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Rosh Hashana The Feast of Trumpets – The Jewish New Year Pt 2

by | Tue, Sep 7 2021

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When we began learning about Rosh Hashana last time, we learned that Rosh Hashana is the Jewish New Year, but because the Hebrew Calendar has four new years within it, Rosh Hashana is known as the head of the year. It’s also known as the Feast of Trumpets and it’s one of seven mandatory feasts of the Lord. They are;

  1. Feast of Passover (Pesach)
  2. Feast of Unleavened Bread (Matzot)
  3. Feast of First Fruits (Bikkurim)
  4. Feast of Shavuot (Weeks/Pentecost)
  5. Feast of Rosh Hashana (Trumpets)
  6. Feast of Yom Kippur (Day of Atonement)
  7. Feast of Succot (Tabernacles)

These are the mandatory feasts instituted by God. The Jewish people have many other annual celebrations and anniversaries, but these are the only ones commanded by God to be celebrated every year.

The trumpet blasts are very significant in Rosh Hashana and they have to do with the coronation of God as their king, repentance of the soul and the expectation of the ‘Last Trump.’ We also leaned that the feasting always involves honey and sweet foods to wish each other a sweet new year, while at the same time, reflecting on the year just past to ensure not repeating any mistakes that may have been made.

Usually on the afternoon of the first day of Rosh Hashana, Jews perform a ritual called ‘tashlikh’ which means ‘casting off’, where they symbolically cast their sins into a body of water by emptying their pockets and casting the contents into the river, stream or creek. Micah 7:18-20, Psalm 118:5-9, 33 and 130 are recited during the Tashlikh ceremony.

Micah 7:18-20, ‘Who is a God like You, who pardons iniquity and passes over the rebellious act of the remnant of His possession? He doesn’t retain His anger forever, because He delights in unchanging love. He’ll again have compassion on us; He’ll tread our iniquities under foot. Yes, You’ll cast all their sins into the depths of the sea. You’ll give truth to Jacob and unchanging love to Abraham, which You swore to our forefathers from the days of old.’

This is such a beautiful picture of the graciousness of God toward His people. But my favourite lines from these verses is the very last statement. God will give truth to Jacob – the Jewish people – and unchanging love to Abraham – who represents all his descendants after him, because God promised He’d do that. Who is the epitome of truth? Jesus, the Son of God, the Word made flesh. The Jewish people live under judicial blindness at the moment, but the day is coming when this passage will be fully seen and God will give the truth of the Messiah to His chosen people, and they’ll know Him. He is their King, but they just don’t realise it…yet.

Rosh Hashana is also believed to be the time when the righteous are written in the Book of Life and the unrighteous are written in the book of death in Jewish tradition; this tradition believes that all people have ten days during the Days of Awe to repent and determine their fate. These are Jewish traditions, they’re not found in Scripture but they hold great symbology of what is in Scripture.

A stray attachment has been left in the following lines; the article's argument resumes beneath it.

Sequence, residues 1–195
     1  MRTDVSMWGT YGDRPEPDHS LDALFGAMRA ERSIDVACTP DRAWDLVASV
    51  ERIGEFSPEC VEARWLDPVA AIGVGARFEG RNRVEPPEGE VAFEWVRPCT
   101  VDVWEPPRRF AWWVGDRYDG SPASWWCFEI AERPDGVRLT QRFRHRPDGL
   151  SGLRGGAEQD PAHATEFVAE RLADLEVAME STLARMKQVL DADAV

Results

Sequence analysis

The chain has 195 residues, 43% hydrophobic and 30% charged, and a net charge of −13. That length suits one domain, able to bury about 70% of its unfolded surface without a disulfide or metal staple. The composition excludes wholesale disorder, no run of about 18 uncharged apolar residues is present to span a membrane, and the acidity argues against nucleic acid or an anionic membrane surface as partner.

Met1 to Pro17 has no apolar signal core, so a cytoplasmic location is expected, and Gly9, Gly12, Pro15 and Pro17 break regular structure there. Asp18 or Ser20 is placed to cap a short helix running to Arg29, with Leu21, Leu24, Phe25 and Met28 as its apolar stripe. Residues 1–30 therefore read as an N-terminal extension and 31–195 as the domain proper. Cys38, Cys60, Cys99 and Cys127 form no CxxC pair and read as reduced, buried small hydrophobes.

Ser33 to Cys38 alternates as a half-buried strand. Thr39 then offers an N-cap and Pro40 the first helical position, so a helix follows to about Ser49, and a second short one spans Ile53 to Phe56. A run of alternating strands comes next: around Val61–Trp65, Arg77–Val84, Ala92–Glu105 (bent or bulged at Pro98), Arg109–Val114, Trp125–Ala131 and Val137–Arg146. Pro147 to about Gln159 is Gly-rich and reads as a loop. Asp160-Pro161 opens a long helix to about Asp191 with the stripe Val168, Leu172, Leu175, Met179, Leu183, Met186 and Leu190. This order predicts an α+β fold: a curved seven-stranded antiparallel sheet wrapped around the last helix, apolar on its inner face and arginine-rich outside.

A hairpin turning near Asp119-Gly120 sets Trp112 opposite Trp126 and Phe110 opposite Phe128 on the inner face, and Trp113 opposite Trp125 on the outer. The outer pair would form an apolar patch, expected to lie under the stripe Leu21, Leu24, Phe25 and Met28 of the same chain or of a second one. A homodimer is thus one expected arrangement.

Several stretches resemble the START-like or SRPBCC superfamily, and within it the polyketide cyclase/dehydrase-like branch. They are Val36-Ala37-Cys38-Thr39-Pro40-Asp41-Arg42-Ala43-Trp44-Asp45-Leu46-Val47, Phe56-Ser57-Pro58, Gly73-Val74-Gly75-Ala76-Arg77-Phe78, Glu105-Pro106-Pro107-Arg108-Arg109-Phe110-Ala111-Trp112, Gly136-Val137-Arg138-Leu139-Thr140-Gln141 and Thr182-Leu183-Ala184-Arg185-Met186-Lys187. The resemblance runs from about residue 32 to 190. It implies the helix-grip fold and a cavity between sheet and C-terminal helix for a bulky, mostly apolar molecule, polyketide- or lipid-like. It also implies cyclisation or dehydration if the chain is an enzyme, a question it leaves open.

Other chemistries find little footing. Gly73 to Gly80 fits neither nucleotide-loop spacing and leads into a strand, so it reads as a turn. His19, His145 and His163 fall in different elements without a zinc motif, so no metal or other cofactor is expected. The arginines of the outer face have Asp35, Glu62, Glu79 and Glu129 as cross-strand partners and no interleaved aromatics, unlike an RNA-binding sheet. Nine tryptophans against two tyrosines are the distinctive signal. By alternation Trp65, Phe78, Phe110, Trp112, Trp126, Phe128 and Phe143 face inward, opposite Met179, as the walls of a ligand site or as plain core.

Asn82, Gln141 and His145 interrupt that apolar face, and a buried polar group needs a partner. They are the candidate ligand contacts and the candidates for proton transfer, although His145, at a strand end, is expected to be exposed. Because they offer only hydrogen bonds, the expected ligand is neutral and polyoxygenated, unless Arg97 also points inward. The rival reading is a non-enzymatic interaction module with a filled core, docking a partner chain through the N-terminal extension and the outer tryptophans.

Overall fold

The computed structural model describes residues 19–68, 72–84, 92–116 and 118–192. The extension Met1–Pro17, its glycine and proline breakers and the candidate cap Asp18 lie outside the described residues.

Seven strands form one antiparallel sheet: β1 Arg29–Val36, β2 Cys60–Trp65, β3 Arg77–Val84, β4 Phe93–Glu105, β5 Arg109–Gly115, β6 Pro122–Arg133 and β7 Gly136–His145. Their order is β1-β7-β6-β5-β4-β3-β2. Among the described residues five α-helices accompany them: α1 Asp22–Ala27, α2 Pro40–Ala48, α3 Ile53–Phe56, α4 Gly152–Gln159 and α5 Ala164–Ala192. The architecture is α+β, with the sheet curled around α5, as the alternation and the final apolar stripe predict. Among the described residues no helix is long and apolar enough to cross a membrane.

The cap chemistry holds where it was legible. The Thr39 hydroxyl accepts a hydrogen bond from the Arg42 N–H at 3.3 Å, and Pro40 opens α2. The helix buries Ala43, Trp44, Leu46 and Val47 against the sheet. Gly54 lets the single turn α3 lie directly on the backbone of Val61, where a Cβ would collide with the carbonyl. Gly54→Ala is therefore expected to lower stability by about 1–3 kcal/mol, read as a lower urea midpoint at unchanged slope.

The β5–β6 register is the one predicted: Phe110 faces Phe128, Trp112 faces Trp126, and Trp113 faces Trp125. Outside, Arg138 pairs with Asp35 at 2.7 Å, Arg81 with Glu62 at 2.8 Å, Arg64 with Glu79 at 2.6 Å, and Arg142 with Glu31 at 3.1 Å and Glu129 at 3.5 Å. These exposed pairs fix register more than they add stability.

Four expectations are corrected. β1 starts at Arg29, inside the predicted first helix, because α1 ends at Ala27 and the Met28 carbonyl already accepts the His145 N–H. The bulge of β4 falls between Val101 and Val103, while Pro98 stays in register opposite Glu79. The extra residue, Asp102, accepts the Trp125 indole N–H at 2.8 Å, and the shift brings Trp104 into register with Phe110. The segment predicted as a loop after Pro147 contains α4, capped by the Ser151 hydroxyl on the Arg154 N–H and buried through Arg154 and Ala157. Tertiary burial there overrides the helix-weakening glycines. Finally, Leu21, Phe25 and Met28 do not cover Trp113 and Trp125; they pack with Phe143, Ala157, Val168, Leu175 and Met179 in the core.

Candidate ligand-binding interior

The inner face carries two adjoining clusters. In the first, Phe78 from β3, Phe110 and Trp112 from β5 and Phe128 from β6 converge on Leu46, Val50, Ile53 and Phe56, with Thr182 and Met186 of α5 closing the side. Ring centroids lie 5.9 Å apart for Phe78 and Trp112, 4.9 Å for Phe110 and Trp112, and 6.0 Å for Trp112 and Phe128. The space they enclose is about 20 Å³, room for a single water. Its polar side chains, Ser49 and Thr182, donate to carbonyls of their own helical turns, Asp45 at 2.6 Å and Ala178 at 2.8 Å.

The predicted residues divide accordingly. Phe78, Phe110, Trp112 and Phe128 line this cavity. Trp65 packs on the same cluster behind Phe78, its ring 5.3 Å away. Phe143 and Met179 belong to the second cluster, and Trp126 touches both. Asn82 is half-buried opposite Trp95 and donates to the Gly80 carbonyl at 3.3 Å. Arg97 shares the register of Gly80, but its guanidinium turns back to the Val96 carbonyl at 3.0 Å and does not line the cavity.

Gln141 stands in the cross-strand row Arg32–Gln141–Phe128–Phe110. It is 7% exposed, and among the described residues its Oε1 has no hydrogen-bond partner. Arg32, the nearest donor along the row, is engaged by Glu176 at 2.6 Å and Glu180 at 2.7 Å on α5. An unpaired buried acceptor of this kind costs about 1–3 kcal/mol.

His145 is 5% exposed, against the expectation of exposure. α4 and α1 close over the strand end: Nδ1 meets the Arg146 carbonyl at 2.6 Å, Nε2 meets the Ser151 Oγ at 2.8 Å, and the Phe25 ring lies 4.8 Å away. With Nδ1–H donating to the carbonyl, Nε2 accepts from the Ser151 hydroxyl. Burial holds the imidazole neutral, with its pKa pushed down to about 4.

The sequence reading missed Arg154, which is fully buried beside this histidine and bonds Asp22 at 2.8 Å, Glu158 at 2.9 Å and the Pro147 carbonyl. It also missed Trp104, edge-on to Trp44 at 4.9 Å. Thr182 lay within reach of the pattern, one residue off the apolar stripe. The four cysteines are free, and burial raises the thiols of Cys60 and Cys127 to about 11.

The ten Days of we start with Rosh Hashana and end ay Yom Kippur, the Day of Atonement.

Another major theme that is focused on during Rosh Hashana is the Akedah Yitzchak – ‘The binding of Isaac’. In Jewish tradition God told Abraham that the shofar was to be blown on Rosh Hashana to remind the people of God’s substitutionary sacrifice when He provided a ram to replace Isaac.

Rosh Hashana is also known as ‘The destiny of the Righteous’ and just mentioned, it begins what is called the Days of Awe and they lead into the most holy and solemn day of the Hebrew calendar which is known as Yom Kippur – the Day of Atonement.

From a Messianic/Christian perspective, it’s important to understand that ALL the feasts of the Lord are fulfilled or yet to be fulfilled by Jesus. With regard to Rosh Hashana, there are seven really important points to look at in relation to what we’ve just learned about this feast.

Jesus IS the King of the Universe, the Creator and Redeemer. In Hebrew the term is Melech Gadol al-kol-ha’aretz – ‘Great King over all the earth’ (Psalm 47:2); Jesus is called the Mashiach which denotes His kingly dignity and royalty; He is the Creator and Sustainer of all life (Colossians 1:16).

Psalm 47:2, ‘For the Lord Most High is to be feared, a great King over all the earth.’

Colossians 1:16, ‘For by Him all things were created, both in the heavens and on earth, visible and invisible, whether thrones or dominions or rulers or authorities – all things have been created through Him and for Him.’

The identity of the King and Creator in these verses are both talking about Jesus the Messiah and next time we’ll conclude learning about Rosh Hashana, the fifth of the seven mandatory feasts of the Lord and we’ll see really clearly how Jesus is going to be the fulfillment of it in history yet future.




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